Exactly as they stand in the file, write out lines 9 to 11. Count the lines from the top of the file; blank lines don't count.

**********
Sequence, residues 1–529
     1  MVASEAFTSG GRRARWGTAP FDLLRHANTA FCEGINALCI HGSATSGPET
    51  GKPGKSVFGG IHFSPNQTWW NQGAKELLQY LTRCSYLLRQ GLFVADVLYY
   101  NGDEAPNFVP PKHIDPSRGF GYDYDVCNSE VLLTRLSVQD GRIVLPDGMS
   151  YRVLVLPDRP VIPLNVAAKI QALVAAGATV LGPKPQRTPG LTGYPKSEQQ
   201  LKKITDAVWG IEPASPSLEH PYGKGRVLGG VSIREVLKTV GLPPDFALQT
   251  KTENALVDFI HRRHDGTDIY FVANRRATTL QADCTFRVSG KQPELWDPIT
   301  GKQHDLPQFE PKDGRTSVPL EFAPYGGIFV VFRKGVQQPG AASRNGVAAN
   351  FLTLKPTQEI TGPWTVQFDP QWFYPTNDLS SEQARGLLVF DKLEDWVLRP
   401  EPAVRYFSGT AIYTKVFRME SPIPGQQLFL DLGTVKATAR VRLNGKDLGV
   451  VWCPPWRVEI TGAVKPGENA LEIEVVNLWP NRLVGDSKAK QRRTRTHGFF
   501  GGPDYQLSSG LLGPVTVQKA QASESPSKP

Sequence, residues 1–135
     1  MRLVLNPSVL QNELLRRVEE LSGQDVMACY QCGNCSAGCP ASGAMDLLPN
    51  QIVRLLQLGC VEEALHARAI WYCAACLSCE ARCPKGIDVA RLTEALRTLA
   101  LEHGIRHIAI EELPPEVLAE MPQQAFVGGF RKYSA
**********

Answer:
   351  FLTLKPTQEI TGPWTVQFDP QWFYPTNDLS SEQARGLLVF DKLEDWVLRP
   401  EPAVRYFSGT AIYTKVFRME SPIPGQQLFL DLGTVKATAR VRLNGKDLGV
   451  VWCPPWRVEI TGAVKPGENA LEIEVVNLWP NRLVGDSKAK QRRTRTHGFF